Do you know what invitations to play are?
If you're looking for ways to keep your kids happily playing on their own while you work near them, you need to know about invitations to play. They're used in a lot of preschools and early childhood classrooms to get the kids interested in activities. Why wouldn't we use them at home, too?
An invitation to play setup is arranging the environment so kids want to explore, discover, investigate, and play. It's designed to spark kids' curiosity to play. It's a way to get the play started.
By taking a few toys or materials and arranging them together in beautiful ways at home, I call these invitations Play Presents. We set them up because they help the long days pass more quickly, they ease transition time, and they allow us to keep the kids off the screens. They'll naturally play with their toys for a while, but by adding play presents, it allows them to play even longer, and more independently.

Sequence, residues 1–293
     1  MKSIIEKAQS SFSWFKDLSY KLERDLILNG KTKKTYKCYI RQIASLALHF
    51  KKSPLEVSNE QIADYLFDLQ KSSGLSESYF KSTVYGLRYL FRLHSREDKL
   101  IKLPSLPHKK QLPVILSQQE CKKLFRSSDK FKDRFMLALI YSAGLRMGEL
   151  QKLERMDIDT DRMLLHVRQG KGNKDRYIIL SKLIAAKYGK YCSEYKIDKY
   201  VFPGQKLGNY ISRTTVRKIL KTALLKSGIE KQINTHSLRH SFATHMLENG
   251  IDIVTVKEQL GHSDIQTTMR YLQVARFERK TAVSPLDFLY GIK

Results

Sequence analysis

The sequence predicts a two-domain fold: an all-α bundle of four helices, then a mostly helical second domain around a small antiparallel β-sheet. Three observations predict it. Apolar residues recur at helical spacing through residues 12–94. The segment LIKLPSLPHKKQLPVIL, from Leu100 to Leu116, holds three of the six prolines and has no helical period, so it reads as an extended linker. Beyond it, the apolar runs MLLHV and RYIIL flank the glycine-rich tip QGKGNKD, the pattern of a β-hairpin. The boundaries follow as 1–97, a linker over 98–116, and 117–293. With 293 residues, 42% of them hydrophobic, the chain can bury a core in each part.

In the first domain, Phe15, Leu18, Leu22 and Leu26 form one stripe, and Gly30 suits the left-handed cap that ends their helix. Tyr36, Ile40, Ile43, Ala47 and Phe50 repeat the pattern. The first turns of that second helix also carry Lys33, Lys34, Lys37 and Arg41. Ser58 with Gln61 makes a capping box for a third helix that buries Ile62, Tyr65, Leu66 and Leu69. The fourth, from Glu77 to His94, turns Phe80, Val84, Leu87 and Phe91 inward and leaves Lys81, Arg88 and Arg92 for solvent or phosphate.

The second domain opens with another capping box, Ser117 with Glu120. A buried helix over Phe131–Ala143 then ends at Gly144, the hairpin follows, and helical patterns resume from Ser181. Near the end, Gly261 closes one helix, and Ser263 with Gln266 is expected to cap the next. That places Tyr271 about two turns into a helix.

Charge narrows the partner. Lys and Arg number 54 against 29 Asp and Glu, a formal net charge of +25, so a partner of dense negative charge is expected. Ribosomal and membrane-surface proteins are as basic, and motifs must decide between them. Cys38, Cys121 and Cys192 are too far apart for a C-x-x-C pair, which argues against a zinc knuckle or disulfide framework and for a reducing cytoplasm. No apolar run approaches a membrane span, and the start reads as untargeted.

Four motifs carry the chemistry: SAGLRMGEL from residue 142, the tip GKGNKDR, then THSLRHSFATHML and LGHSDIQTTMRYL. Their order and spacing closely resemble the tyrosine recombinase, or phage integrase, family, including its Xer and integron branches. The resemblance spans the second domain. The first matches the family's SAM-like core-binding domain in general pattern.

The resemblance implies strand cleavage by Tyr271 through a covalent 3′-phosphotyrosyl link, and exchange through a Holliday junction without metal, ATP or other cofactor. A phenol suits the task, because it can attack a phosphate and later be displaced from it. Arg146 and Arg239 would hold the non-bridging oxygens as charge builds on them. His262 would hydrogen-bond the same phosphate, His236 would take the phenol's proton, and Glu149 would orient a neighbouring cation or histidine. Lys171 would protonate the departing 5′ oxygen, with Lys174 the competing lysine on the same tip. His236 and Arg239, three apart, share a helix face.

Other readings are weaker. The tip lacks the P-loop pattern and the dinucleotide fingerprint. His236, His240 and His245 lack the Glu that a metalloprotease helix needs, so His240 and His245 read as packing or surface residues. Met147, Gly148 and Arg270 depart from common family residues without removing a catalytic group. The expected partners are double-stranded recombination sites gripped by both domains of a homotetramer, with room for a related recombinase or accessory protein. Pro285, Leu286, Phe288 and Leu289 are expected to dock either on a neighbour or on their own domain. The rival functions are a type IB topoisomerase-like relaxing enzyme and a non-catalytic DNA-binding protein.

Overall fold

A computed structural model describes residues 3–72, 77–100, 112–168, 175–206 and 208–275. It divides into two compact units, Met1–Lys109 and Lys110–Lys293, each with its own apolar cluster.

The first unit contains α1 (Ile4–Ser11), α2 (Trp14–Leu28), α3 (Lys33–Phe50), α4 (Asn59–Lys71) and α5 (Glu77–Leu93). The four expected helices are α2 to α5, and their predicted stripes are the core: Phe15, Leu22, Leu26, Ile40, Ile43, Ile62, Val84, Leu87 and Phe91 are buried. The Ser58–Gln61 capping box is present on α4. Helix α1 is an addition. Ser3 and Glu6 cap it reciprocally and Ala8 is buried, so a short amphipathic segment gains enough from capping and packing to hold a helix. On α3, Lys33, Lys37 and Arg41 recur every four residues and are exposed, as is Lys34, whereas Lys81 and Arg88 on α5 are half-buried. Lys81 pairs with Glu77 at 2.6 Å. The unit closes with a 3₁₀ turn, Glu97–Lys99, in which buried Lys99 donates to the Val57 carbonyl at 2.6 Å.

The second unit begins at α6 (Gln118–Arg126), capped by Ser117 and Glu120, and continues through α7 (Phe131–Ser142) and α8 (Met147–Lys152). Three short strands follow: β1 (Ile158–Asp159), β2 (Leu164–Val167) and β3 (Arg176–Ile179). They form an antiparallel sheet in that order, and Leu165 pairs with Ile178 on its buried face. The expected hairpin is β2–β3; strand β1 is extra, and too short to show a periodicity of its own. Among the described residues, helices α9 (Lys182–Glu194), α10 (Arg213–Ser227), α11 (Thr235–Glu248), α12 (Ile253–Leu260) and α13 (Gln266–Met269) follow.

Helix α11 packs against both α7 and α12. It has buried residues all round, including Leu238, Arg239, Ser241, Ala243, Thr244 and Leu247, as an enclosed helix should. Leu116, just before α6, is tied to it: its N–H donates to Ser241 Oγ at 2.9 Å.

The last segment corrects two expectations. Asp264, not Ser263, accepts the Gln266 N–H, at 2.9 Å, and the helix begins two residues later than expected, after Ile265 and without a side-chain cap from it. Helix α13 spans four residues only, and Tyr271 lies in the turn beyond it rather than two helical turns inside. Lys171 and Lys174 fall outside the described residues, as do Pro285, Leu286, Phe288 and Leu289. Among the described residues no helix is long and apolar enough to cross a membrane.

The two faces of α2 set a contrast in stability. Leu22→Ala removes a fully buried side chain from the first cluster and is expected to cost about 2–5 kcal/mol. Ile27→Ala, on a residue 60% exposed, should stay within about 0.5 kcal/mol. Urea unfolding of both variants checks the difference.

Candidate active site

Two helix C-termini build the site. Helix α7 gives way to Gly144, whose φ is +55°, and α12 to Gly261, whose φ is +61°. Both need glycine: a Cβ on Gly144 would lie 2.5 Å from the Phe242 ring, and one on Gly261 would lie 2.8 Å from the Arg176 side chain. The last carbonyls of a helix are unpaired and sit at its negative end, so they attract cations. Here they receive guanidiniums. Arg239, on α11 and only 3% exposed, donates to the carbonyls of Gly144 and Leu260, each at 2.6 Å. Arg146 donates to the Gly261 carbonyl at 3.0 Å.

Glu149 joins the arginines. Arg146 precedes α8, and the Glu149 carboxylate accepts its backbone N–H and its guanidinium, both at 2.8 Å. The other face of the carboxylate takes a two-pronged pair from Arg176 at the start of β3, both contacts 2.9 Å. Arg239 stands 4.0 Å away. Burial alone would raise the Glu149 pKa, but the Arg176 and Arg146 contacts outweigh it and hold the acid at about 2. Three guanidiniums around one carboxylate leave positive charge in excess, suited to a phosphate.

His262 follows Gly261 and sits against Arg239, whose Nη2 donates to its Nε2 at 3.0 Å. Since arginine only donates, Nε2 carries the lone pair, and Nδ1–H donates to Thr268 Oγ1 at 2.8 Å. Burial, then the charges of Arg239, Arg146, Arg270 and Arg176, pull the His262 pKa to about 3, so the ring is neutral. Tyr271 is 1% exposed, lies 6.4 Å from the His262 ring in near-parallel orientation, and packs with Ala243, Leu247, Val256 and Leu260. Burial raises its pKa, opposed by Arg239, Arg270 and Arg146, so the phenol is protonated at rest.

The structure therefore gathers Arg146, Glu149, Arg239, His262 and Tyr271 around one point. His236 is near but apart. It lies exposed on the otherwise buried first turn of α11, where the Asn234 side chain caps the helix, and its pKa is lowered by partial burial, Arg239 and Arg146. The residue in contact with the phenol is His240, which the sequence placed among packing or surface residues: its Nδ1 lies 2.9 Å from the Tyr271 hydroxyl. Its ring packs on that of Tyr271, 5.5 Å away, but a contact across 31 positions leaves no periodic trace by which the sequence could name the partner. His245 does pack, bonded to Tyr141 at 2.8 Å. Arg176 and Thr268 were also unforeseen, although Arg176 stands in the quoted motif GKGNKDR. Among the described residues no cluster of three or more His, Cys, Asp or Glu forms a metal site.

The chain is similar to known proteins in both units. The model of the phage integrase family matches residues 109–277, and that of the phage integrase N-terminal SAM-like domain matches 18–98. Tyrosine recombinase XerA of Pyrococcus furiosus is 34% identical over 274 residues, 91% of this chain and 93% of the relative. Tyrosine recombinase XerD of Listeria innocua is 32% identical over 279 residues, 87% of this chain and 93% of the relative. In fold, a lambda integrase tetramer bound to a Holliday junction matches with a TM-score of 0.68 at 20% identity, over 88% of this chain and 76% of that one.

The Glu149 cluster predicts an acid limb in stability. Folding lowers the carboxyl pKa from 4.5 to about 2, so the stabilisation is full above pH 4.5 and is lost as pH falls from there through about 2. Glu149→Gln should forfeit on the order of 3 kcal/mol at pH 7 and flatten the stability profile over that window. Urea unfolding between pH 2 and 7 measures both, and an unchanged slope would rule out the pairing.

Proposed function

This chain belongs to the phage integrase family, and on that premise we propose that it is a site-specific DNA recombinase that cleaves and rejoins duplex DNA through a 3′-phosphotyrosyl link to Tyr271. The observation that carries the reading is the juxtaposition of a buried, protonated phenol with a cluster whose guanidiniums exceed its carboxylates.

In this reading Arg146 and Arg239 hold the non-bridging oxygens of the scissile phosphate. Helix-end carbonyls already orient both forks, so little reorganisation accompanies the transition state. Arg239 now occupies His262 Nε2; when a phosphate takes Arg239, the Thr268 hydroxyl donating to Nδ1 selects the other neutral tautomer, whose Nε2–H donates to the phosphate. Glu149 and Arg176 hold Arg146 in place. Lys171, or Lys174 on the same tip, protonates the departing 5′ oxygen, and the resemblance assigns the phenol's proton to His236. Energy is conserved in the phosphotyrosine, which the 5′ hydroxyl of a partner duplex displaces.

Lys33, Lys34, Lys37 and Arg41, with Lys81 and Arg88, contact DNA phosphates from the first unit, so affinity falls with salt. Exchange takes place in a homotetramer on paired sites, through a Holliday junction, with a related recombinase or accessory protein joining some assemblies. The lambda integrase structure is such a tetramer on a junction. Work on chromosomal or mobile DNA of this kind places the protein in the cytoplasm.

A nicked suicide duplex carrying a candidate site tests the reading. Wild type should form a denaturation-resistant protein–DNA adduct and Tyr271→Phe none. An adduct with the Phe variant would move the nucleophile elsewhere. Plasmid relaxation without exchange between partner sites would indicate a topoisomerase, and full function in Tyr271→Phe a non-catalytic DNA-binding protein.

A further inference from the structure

Here's how to get started using Play Presents. Think about how you might use current toys, or items around your home, in these ways:
1. Gather toys in new combinations.
Create a small world using animals, sand, and blocks, or use paint with cotton swabs, instead of brushes. Set things up in new and unique ways, so it is like a brand new toy or activity for your child. We also like to use one new item with two or three old toys. The new item can be something super simple, like recyclables or new markers, stickers, or tape.
2. Set the items up attractively.
Reduce the clutter all around the area, or take familiar toys to a new location. Bring plush animals outdoors, or build a fort with books and flashlights, or set up some items on a table in new combinations. Create themes by gathering items that are all the same color, texture, weight, or size. Holidays are another great way to create a Play Present theme. Make sure there's plenty of white space around your play area.
3. Add a sensory element.
Could you add something that would allow your kids to play a little bit longer? Add essential oils for scented playdough or colored dry rice, add bubble bath or soapsuds to colored water, or hide small toys and scoops in a bin of dry beans - they sound beautiful.
What's your child into right now? Grab that toy and add two more materials that make sense to pair with it. Then, find a clear table or lay a blanket on the floor, set them up and wait for your child to find it!
For even MORE ideas, check out my book on Play Presents for preschoolers!
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